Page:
AB: Are you saying that your being viewed as "just a voice" was almost justified back in the day?
RBX: Yeah, cuz back in the day everybody had their part to play. Dre with the beat, Snoop was the young MC who got all the girls, Daz with the bang bang, Warren G had his role; Dre knew what the fuck he was doing, he incorporated all of this and I was the monster. RAWR! I was that. Listen to The Chronic and you'll see what I'm talking about.

AB: How did the folks you had worked with in the past react to this really lyrical side of who you are?
RBX: You know what, honestly, I have not heard one bad thing. I figured there were going to be some haters and some naysayers, but not one. My niggas was like, "we ain't surprised. We know you. We were just waiting for you to shit." I'm thinking I'm gonna get some "YEA RBX," but I've been getting "you did what we thought you was going to do." I don't get no pat on the back or nuttin. I kind of wanted to hear "you have room for improvement," but nah, "that's hot," that's all I get.

AB: Taking that situation you went through, should we be looking at some of the younger MCs of today and thinking more of what they might be ten years down the line, in effect saying let's give them a few years?
RBX: It's not a lesson. I ain't no rap guru godfather. If they're really into it there is an automatic progression that takes place. A lot of MCs out there can do their thing but there's not one that can knock me out the box. Right now there are some MCs out there that are hot, they're nice, but they can get knocked out. I'm one of those you can't knock out. As soon as I hear what it is I'ma fire a missile back. I can't be beat and I'm confident with that.

AB: You've worked with a lot of legendary artists. With Broken Silence you have your own voice. What makes you better now than you were back in your Chronic days?
RBX: I didn't know nothing then. Now I can see things a little better and clearer. Clarity is the key. Sometimes you try to help folks and I don't know what's wrong with society today, but if I had gone about all this Hollywood and gotten all the known bigwigs to do the record the first thing cats would have been saying is "oh he don't come down and work with the underground cats." When I go try to work with the underground cats the first thing they try to do is take me out to box like on some battle shit. I'm thinking in my head "what an idiot. I'm down here trying to help you, we've put this together and that's just an attempt to divide right there." There are big conflicts that I have but I get past them because I'm from the street and nobody can say nothing because I rap good and I'll smash they ass. So basically me going down into the pits was just a way to rejuvenate my whole thing and keep everything sharp and precise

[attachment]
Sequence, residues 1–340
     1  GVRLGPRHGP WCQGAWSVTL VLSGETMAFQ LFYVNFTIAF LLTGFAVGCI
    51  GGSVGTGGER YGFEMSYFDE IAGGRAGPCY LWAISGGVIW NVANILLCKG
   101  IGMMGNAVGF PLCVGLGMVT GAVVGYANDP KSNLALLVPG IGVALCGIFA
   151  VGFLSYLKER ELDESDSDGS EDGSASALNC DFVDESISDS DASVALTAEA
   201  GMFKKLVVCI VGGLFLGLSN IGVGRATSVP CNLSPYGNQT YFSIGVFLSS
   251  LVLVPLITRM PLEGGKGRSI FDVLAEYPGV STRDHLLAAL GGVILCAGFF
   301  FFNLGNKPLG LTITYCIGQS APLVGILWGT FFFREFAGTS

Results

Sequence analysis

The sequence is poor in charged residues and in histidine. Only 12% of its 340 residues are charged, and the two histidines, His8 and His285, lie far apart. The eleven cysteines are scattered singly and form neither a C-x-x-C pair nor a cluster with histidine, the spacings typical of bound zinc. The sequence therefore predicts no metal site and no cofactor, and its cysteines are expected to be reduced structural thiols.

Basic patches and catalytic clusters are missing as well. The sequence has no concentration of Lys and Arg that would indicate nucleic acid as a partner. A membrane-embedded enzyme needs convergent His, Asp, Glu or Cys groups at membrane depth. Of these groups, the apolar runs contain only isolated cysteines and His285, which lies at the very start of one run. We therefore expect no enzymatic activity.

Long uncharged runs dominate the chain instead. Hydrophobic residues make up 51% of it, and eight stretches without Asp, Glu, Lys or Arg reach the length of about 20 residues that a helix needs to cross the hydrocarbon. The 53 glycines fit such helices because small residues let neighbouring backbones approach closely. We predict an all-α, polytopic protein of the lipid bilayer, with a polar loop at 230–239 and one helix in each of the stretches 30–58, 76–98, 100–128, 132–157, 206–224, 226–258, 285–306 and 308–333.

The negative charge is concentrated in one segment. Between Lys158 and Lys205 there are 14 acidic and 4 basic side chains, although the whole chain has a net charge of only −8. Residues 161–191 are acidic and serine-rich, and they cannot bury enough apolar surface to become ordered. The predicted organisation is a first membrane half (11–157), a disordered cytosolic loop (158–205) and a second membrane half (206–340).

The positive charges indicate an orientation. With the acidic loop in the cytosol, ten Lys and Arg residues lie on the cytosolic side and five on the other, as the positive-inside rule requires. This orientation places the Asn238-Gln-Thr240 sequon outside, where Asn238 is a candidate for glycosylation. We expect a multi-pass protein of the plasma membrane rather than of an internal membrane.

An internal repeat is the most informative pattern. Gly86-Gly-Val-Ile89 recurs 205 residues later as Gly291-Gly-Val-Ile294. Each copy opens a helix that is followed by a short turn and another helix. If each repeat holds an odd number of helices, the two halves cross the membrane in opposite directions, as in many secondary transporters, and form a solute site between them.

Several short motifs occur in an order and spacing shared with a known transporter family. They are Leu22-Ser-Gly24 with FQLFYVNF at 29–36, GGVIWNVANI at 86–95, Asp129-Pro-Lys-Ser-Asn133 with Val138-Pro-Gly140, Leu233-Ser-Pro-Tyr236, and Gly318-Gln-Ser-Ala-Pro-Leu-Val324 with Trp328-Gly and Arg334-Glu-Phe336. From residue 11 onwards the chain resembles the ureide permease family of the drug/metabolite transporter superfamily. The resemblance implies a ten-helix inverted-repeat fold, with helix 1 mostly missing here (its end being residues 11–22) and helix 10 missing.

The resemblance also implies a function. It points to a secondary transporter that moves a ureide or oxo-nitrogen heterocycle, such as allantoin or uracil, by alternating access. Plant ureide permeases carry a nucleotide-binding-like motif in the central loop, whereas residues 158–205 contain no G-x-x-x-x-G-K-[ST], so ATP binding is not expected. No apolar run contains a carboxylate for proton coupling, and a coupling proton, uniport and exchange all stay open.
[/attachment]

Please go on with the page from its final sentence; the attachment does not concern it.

AB: Over the past fifteen years what have been some of your favorite memories from all your performances and studio sessions?
RBX: There was one time, I think it was Rock the Bells, I was just going on stage to watch KRS-One get down. I was NOT in performance mode, I was NOT supposed to get down, I was just up there to support my brother and somehow... Kris didn't even know I was out there, he was just doing his thing, but he did a move where he spun around and saw me. He said "what!?! Is this RBX on the stage!?!" And it was a wrap. I think there was Nas, Talib Kweli, Freestyle Fellowship and we just shit! We just shit on 16,000 motherfuckers and Kris was like "Fuck that! Turn the music off! A capella!" I jumped up on a speaker and just shit. I remember that, that was fun. I just really love what I do.

AB: What do you feel has been your greatest accomplishment?
RBX: Aw man, just being alive. You don't even realize that is a job. Everything, all that extra shit, it's nothing. Houses and all that shit come and go and people stressing and worrying themselves behind some material ass shit when they can just live, that's enough. Everything else can come and go, don't trip. Everyone wants the finer things but if you had a nice ass house and a BMW and all that shit but you didn't have no oxygen...

AB: Good point. Finally, what do you like about what's going on in Hip-Hop today?
RBX: You know what, actually, I like the fact that niggas is getting back to headbanging. It was never meant to be a physical altercation, or go get your gun and kill a nigga. You can talk about it, but c'mon now, when all that bullshit is blurted out, "we gonna keep it super real," that's when they start killing. On "Fly MC" Special Ed was talking about he was flying on his jet and kicked the bitch through the cargo hatch. Everybody knows he wasn't in a jet kicking the Queen of France through a fucking hatch, but they didn't send nobody out to fuck with Special Ed about that. It was hot, but then you couldn't do shit like that, people were like that shit ain't real and everybody's talking really really real like I'm going to come to your studio with my AK and kill you. No! Slow down, buddy. That's kind of where the problem came in. Right now rap is realizing I'ma get at you, but I ain't really trying to come and kill you and your family, homey, I'ma try and bust your head open with these verbs and that's what it was meant to be. At the end of the day I'll see you, we can smoke a blunt and have a burger together, dawg, but when I'm doing my thing in the studio I'm a monster and I'ma try to slice your whole jugular out, but it's words. There's a difference between some rap shit and some not rap shit.